A very nice article by the Business Insider, titled “We’re getting to know just how different ISIS is from al Qaeda”, March 2015, about the differences between ISIS and Al Qaeda. In the third paragraph the article says that Al Qaeda did not care much about the creation of an Islamic Chaliphate, while this is one of ISIS’s main concerns.
That makes sense, if we take into account that the major influence in Al Qaeda is the Arabs of the Persian Gulf, who do not want a Chaliphate, because a Chaliphate would mean that they would have to share their oil and natural gas with other countries. On the contrary, the main influence in ISIS is Turkey, and Erdogan would love to be some kind of Sultan in a Chaliphate i.e. some form of union with the Persian Gulf, which would also imply many economic benefits for Turkey. Turkey wants to somehow regain the influence it had in the Middle East until the First World War (1914-1918). The Turkish soldiers that were sent to Qatar in 2015, one hundred years after their withdrawal from the region, was a step towards this end.
In the 9th paragraph the article says that the great enemy of Al Qaeda is the United States, while the great enemy of ISIS is the Shites of Syria and Iraq, and the Assad regime of Syria. That makes sense too, because Al Qaeda wanted to fight the Americans who wanted to bring the oil of Kazakhstan and the natural gas of Turkmenistan to India and the Indian Ocean i.e. TAPI pipeline etc. After all the base of Osama bin Laden was for many years in Afghanistan.
Moreover some parts of the Saudi elites might have been angry with the US, due to the American pressures for larger oil production and lower oil prices. Finally some Arabs might believe that the alliance between US and Saudi Arabia was a constraint towards closer economic relations with China, which is now the big customer in the Middle East. The Americans have reduced their imports from the Gulf. China has much closer relations with Iran due to the Saudi alliance with the US. But Al Qaeda should not be seen as the same thing with the Saudi leadership, because Al Qaeda was the first one to call the Saudi King an apostate, and asked for a jihad against him.
As far as Turkey is concerned, the US and the TAPI pipeline is not a problem. The problems for ISIS are the Arabs of Syria and Iraq, who refused the construction of the Arab-Turkish Pipelines i.e. Qatar-Turkey pipeline, and agreed with the Russian state-owned Gazprom to the construction of the Iran-Iraq-Syria pipeline. It is true of course that some problems arose between Turkey and the US too, because the US supports the Syrian Kurds in Northern Syria, which is a big problem for Turkey. Moreover the Americans have also improved significantly their relations with Iran, which is another problem for Turkey and ISIS. But it is unlikely that the US will become the main target of ISIS, because Turkey and the US need each other a lot, no matter what problems they encounter in their relationship. However there is always the possibility of regional clashes between the US and ISIS, something that has already happened in Syria.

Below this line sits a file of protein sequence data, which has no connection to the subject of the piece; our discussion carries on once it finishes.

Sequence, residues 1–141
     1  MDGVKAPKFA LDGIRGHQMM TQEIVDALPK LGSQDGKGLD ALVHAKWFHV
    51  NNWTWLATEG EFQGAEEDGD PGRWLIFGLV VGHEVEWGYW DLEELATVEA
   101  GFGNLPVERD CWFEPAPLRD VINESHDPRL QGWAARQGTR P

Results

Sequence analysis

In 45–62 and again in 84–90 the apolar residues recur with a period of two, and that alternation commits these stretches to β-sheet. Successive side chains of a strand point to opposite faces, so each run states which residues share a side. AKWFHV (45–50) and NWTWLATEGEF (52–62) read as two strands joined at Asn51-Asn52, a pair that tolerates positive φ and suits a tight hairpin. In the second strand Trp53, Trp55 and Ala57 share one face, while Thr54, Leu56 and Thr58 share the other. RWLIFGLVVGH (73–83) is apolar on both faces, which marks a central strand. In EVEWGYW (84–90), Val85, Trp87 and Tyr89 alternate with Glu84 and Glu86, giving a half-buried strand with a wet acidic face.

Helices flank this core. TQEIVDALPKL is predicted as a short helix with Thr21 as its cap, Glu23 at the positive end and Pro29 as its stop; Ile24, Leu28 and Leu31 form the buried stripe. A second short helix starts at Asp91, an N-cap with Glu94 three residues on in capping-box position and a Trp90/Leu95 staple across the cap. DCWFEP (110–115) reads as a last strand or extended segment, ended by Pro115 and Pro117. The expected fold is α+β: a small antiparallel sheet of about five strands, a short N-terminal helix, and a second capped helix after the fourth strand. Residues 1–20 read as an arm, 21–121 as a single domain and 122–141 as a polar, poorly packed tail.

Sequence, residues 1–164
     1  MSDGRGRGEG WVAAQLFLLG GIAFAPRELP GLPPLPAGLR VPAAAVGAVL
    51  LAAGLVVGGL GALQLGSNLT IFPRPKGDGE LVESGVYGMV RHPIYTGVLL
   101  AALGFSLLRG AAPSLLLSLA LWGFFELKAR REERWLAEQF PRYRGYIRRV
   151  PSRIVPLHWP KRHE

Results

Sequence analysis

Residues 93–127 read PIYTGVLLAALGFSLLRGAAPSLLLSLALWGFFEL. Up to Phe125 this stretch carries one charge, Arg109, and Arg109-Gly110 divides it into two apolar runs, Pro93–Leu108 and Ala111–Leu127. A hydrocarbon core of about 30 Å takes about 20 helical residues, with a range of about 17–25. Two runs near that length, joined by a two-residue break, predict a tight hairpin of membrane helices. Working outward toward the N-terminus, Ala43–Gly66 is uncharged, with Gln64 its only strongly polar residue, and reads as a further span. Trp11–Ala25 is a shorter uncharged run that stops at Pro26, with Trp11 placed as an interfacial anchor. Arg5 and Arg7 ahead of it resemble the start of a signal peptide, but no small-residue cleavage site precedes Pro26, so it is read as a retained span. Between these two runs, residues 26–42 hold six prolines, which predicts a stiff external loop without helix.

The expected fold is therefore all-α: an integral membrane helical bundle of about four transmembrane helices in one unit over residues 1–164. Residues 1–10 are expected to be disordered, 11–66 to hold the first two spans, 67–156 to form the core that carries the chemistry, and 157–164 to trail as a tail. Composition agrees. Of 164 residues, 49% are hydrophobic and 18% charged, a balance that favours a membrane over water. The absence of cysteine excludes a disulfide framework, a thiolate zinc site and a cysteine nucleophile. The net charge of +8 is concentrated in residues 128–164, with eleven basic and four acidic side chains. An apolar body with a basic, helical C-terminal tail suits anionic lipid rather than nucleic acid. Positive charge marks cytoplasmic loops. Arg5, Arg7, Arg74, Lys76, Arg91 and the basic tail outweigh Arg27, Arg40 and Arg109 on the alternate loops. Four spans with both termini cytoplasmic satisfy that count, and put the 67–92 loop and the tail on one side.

Another interesting article for the clash between Al Qaeda and ISIS, and ISIS’s dominance over Al Qaeda, is the Guardian’s “How Isis crippled al-Qaida”, June 2015. I must say that the main reason that ISIS became stronger than Al Qaeda, which was the leader of all terrorist organizations, is the support from Turkey. The Turkish military machine is much stronger than the Saudi one. In addition the Americans were not putting many restrictions on the supply of arms to Turkey and Israel, which was not the case with Saudi Arabia. Saudi Arabia was not seen by the Americans as reliable as Turkey and Israel, not only because of China, but also because at some point an anti-American leadership could come to power. Moreover Al Qaeda does not have the support of all the Saudi elite, because it is an enemy of the Saudi King.
Another reason that Al Qaeda is weaker than ISIS is that the United States attacks Al Qaeda wherever they can, because Al Qaeda is for the US a deadly enemy. On the contrary attacking ISIS creates problems in the relationship between the US and Turkey, and therefore the Americans have to show a lot more restraint when they attack ISIS.
For the Business Insider article see
“We’re getting to know just how different ISIS is from al Qaeda”, March 2015
Unlike the self-proclaimed Islamic State, al Qaeda — led by bin Laden until his death in 2011 — was never overly concerned with the immediate formation of an Islamic caliphate.
Whereas al Qaeda’s primary enemy has always been the United States, ISIS targets are much closer to home: Namely, apostate Shi’ite regimes such as Bashar Assad’s government in Syria and Haider al-Abadi’s in Iraq that impede the creation of a “pure”, radically sectarian Islamic state.
For the Guardian article see
“How Isis crippled al-Qaida”, June 2015
Oil Fields (black) and Natural Gas Fields (red) of the Middle East and the Caspian Sea